Marci Glaus, English Language Arts Education Consultant for the Wisconsin Department of Public Instruction, Marci.Glaus @ dpi.wi.gov
I was fortunate enough to attend the National Council of Teachers of English Convention last November and found myself participating in several sessions related to the teaching of literature. One session, titled, “Starting off Right: First Literature Choices in the High School English Classroom,” focused on which text educators chose to start off the school year. There were five educators from five different schools or universities, each with a unique twist on which text he or she chose and the logic behind that choice.
The purpose behind the session was to spark conversation among the crowd. After hearing about the texts from each of the panelists, it was apparent that participants in the audience were welcome to share titles from their local contexts. There were some familiar names and titles and some questioning across the crowd about which grade some of the books were used. I found myself wondering, what was it about a particular text that could provide a meaningful experience for all students in a classroom? Can just one text do this?
One of the most interesting takeaways from this session was that out of all of the texts educators shared, there were no repeats, even within the same grade level. Some educators even said that they did not start the year using one text, but started offering choice right away. There were not many, but a few educators broke from the theme of book titles to talk about different digital texts they started with for students to read and explore in various ways. By the end of the session, there was no consensus on a text that might be the “best” with which to begin a school year; however, that was not the point. The focus of the panel and ensuing discussion turned into a meaningful examination of what different texts actually do for teaching and learning purposes in different contexts. From offering students complete choice to following a district mandated pacing guide, educators focused on why they chose particular texts, especially if they were breaking from perceived tradition.
Focusing on why educators chose particular texts was also a natural segue into how they taught literature. Even though this was not the focus of the session, there were important contributions related to the teaching of literature, along with some disagreement. There was some pushback from the audience related to set curriculum, district pacing guides, and even the fear associated with blazing one’s own path in the name of meaningful instruction. It actually turned out that one of the panelists was required to use the same purchased curriculum and pacing guide an audience member talked about. The panelist described how she stepped away from it almost immediately and continues to do so based on what transpires in her classroom without it. She also had a trusting principal who saw the progress students were making.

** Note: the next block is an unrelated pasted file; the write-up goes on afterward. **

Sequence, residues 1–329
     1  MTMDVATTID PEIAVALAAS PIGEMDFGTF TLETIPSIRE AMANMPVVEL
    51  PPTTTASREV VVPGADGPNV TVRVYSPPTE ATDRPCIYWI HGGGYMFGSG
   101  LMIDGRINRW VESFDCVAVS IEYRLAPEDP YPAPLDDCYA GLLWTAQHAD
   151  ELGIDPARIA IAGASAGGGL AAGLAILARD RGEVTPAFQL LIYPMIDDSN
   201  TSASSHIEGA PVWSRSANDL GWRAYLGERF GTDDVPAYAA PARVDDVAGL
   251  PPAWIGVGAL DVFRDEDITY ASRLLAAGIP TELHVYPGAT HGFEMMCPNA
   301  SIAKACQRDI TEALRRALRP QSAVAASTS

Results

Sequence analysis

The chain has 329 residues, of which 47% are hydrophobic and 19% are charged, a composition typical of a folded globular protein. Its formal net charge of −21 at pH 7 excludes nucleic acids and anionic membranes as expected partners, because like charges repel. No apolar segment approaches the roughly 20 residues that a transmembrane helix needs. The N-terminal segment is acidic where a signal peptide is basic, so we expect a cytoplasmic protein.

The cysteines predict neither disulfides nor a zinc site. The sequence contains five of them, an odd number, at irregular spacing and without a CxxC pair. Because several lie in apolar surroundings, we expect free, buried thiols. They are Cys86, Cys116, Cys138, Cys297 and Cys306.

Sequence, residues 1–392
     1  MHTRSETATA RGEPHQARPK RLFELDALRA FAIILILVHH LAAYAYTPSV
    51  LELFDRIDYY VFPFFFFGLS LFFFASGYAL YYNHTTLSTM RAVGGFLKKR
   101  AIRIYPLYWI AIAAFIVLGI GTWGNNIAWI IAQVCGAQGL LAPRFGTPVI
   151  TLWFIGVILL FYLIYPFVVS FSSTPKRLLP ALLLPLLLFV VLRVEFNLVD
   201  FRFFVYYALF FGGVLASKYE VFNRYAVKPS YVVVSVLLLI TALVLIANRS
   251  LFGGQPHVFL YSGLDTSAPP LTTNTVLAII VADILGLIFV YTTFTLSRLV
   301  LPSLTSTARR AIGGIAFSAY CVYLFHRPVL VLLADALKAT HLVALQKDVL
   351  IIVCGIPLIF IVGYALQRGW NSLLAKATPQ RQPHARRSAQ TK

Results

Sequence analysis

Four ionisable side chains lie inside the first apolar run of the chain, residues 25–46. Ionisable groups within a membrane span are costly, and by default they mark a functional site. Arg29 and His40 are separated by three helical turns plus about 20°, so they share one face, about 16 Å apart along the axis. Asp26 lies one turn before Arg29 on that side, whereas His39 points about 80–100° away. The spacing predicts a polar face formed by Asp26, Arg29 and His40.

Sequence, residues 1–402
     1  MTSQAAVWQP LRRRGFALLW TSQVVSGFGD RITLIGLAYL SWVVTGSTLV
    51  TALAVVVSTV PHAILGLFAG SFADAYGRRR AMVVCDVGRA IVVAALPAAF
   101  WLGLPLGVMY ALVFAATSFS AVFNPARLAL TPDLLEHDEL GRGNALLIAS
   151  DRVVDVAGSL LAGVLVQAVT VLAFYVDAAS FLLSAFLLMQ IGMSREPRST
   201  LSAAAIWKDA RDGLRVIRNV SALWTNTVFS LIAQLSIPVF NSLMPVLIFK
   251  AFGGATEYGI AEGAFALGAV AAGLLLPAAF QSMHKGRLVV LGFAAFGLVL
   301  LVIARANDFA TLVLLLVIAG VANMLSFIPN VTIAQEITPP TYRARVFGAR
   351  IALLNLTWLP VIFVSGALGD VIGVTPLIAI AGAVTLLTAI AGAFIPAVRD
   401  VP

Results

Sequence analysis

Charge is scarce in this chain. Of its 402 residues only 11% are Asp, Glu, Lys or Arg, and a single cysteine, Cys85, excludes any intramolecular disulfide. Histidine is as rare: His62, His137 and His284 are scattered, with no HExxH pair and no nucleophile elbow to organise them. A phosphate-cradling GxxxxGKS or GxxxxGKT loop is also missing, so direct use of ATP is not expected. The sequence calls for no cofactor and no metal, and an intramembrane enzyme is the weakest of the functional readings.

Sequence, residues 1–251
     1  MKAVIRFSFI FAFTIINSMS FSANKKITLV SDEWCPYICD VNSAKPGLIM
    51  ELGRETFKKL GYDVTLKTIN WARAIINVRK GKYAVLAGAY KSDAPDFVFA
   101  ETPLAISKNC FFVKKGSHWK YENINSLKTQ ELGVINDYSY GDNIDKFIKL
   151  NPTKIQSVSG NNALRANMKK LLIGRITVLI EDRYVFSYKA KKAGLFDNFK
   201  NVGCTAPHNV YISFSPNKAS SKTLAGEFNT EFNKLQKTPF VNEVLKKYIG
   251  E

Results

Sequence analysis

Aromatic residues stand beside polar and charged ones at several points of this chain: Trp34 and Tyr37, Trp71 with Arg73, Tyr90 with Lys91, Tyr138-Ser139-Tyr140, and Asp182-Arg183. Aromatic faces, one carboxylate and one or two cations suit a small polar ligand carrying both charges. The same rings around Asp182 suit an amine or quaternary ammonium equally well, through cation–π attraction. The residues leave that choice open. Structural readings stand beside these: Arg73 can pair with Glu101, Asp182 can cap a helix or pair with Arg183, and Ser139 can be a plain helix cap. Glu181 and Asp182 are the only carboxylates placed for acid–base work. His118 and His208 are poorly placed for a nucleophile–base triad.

Whether discussing the first text of the school year or the last, the literature that we choose says something about how we teach. As Bergman (2017) points out, although teachers have varying levels of freedom when it comes to curricular choices, “it is important, whenever possible, to select texts that are culturally relevant; feature young, relatable protagonists; and offer ample opportunity for real-world connections” (p. 188). In order to incorporate literature that that speaks to the individual students in our classrooms, it is imperative that we take opportunities each year to reflect on the texts we use for teaching literature and why. This begs several questions. How often do we reflect individually and collaboratively on texts we use in the classroom and why? What access do we have to various texts or resources for continued reflection and practice? Rudine Sims Bishop’s (1990) well-known motto regarding the purpose of books resonates here. She states that books can act as “windows, mirrors, and sliding glass doors.” I firmly argue for myriad opportunities for students to see themselves in what they read, opportunities to see out into the world and experience new and different things in what they read, along with space to step into what they read in order to question, try out, and co-construct the worlds available to them through literature. This does not happen with one text, but many. It does not happen simply in the act of reading, but through introductions to various texts, exposure, and myriad opportunities for discussion.
An imperative part of teaching literature has to do with providing time and space for students to talk about what they read. This reflects not only the integrated nature of the English language arts, but where students’ motivation comes from when they read in different contexts, which are situated among different social values (Crumpler & Wedwick, 2011). This means that we first begin to understand our students as people. This is how we make literature viable to all students and the many different strengths they bring into the classroom.
Whether you start the year with Faulkner or open up the classroom library with book talks and recommendations, it is what happens in the spaces with and around those texts where we get to know students, what they think, and where they are coming from when they read that will continue to matter through the semester, school year, and beyond.
Bergman, D. (2017). “‘It’s easier when it’s personal’: What made reading real for two tweens with learning disabilities. Language Arts, 94(3): 180-189.
Bishop, S.R. (1990). Mirrors, windows, and sliding glass doors. Perspectives, 6(3), ix–xi.
Crumpler, T., & Wedwick, L. (2011). Readers, texts, and contexts in the middle: Re-imagining literature education for young adolescents. In S. Wolf et al. (Eds.), Handbook of Research on Children’s and Young Adult Literature (63-75). New York: Routledge.